For Joseph Wang and Marty Wilson, it all started with trying to find ways to fill a vacant position at a Holts Summit mall.
From there was born the idea of Retold Tales. The duo started the Second Hand Bookstore to fund the construction of a vacant position in the Wang Mall for the Daniel Boone Regional Library to move to Holts Summit.
Just before the bookstore opened in 2018, Wilson learned that Barnes & Noble was closing their bookstore in Jefferson City. He saw on Facebook that someone from the store was looking for a new job. He knew this was a good opportunity to get second-hand shelves and other items for the Jefferson City store bookstore.
“I was like, ‘I’m going to run over there tomorrow,'” Wilson said.
Wilson developed a relationship with Barnes & Noble employees, who would later gain approval from the company to donate the entire store – minus the books – to him.
But there was one problem: he had a week to get it all out.
“(T) they were bringing a team of wreckers behind us,” he said. “Anything we don’t want they take out and get rid of.”
He and his assistants were able to move everything in 10 days, working with the demolition team to save some items.
For the books, Wilson said he got donations from the community and local libraries. He ended up with about 4,000 cases of books. Additional shelves and books have come from Village Books in Colombia, with even more books pouring in from former book owner Fulton’s Well Read, Wang said.
After the opening of the bookstore, it was a success. But the inconsistency of its opening hours due to its reliance on its volunteer staff limited the store’s ability to reach surrounding communities.
Wang’s solution was to create Retold Tales independently of the Holts Summit Community Empowerment Foundation, which was the non-profit organization that owned the bookstore. In January, the two closed the bookstore and the transformation began.
“(We) bought the books from HSCEF and paid (them) for their time and effort in organizing the books,” Wang said.
The new Retold Tales continues to help HSCEF repay its loans, in return for maintaining relationships with book donors. Retold Tales is able to pay its own overheads and employees.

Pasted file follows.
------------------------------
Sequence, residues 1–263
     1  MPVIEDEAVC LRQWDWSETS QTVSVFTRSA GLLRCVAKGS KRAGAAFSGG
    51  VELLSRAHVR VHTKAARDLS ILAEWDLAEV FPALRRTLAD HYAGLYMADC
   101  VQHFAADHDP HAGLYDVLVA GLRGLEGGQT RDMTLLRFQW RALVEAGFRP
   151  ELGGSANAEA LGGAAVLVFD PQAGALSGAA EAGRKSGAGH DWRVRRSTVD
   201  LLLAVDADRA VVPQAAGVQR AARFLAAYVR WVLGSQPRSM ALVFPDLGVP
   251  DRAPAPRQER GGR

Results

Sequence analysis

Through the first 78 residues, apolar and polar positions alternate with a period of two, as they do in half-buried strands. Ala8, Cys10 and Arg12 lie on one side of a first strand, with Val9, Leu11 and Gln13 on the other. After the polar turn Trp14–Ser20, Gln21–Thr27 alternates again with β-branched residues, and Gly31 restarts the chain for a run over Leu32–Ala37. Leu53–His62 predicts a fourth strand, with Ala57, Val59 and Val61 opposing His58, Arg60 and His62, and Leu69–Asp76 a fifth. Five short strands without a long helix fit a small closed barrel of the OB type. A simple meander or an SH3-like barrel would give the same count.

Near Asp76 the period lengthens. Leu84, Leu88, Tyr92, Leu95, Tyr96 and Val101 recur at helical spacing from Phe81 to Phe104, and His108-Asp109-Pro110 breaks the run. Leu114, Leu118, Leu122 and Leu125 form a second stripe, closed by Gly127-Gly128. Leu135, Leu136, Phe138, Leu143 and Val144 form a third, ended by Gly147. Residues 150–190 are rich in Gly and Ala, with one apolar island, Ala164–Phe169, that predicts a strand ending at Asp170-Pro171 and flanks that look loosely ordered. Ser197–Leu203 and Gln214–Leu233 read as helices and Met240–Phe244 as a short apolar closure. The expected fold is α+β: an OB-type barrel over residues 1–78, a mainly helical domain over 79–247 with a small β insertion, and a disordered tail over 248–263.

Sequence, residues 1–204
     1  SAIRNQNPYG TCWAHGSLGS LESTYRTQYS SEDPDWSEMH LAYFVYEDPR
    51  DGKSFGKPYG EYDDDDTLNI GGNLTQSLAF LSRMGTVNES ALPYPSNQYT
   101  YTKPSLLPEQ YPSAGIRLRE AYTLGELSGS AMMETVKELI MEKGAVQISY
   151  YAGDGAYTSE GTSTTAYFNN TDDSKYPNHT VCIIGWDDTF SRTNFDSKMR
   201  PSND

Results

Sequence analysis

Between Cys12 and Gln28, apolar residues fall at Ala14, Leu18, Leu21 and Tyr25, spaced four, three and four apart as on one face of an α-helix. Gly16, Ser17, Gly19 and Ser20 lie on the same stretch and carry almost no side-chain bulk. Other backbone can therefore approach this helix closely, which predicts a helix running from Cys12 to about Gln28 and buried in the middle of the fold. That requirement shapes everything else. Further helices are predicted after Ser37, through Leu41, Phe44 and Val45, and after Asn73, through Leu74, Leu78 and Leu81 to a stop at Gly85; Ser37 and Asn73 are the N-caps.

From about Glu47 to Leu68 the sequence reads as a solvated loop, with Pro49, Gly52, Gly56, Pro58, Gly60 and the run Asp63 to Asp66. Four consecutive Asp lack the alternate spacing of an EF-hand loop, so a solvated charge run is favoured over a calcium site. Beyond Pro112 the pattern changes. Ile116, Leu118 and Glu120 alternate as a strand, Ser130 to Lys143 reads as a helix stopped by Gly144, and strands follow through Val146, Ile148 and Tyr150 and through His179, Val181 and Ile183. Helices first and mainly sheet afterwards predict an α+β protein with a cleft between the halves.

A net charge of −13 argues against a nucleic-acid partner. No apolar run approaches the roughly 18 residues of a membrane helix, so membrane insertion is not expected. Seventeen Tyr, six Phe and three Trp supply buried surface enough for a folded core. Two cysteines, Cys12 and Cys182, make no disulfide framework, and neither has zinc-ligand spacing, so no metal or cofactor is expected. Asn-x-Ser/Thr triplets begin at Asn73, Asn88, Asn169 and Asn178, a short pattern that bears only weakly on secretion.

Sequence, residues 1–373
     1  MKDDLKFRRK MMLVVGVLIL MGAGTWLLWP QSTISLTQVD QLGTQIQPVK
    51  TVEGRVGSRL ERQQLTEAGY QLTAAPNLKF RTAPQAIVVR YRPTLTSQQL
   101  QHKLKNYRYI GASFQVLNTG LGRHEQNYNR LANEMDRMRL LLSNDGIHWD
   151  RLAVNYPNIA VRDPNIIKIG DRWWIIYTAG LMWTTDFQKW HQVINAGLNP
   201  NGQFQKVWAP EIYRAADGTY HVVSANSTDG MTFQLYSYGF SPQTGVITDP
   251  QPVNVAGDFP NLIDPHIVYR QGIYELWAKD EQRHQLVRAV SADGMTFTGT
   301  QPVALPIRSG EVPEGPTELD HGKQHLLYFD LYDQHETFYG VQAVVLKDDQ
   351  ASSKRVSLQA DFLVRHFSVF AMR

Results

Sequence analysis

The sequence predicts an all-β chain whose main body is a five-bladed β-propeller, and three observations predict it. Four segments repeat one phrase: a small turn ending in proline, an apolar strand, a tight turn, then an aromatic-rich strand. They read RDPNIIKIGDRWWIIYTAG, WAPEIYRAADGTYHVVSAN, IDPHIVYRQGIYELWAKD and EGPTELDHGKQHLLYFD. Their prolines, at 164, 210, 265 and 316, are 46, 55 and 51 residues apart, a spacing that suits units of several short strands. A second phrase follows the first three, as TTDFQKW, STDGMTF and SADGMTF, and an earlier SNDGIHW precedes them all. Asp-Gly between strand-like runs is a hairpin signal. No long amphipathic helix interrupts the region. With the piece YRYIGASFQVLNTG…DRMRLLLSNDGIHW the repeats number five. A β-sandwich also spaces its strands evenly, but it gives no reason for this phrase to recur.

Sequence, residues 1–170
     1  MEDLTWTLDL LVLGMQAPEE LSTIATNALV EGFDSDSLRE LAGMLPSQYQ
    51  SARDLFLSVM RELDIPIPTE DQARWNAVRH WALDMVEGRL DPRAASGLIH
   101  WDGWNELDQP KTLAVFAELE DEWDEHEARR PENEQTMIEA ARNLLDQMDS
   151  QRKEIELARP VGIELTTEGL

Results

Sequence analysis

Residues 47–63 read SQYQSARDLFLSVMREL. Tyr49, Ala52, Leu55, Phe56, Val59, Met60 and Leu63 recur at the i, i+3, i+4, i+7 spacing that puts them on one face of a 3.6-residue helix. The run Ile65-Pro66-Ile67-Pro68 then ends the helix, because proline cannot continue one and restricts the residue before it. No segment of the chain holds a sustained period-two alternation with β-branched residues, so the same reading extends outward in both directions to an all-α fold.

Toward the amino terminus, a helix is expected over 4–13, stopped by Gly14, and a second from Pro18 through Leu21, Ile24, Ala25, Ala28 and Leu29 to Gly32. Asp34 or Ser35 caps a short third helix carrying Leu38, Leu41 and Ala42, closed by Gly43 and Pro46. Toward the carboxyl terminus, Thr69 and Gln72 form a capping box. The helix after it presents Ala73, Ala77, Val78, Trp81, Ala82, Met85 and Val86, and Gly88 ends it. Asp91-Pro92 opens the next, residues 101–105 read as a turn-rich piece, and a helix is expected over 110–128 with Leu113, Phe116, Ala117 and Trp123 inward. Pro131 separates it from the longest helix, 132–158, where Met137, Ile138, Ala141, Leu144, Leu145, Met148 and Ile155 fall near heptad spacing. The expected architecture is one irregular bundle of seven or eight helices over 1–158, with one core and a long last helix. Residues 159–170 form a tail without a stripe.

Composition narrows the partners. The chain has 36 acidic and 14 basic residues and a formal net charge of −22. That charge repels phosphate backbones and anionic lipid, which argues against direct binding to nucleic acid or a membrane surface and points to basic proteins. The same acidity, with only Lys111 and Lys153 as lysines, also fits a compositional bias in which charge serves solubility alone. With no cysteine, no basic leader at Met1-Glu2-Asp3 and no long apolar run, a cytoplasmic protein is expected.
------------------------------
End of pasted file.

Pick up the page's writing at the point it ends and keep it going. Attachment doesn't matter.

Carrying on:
The transformation also included moving into a new space.
“Space is different,” Wang said. “The space is more welcoming than it was at the previous location. And as you wander from room to room, each area seems to open up like layers of onion. … Each area opens up to a different area, making it a more exciting place to walk.
Retold Tales also offers used DVDs, VHS tapes and vinyl records. The store also has a section dedicated to large print books for the visually impaired.
Wang said Retold Tales has worked with other similar small businesses. He said they worked with Jefferson City’s In The Groove for vinyl records. He said they also maintained their relationship with the Well Read books in Fulton, and the two were discussing trade, surpluses and duplicate books to improve inventory at both companies.
Jamie Rector, owner of In The Groove, said the collaboration was developed to promote each other.
“We’re just letting the locals and locals know that there are other options and businesses that are a bit similar,” Rector said.
For Wang and David Ellis, director of Retold Tales, the goal is to keep used media companies in business.
Throughout the store’s ownership, Wang said he learned a valuable lesson.
“As with a lot of things in life, and especially with books: what is unwanted for one person can be treasure for another,” he said in an email. “What makes a second-hand bookstore special is the ability to find esoteric books that (are) hard to find elsewhere, the ability for you to stumble upon a special book that you may not know. not even be what you wanted until you met him. “
Retold Tales is open 4 p.m. to 8 p.m. Monday through Thursday, 11 a.m. to 8 p.m. Friday, and 8 a.m. to 8 p.m. Saturday. They are located at Summit Plaza and accept donations at the store during opening hours.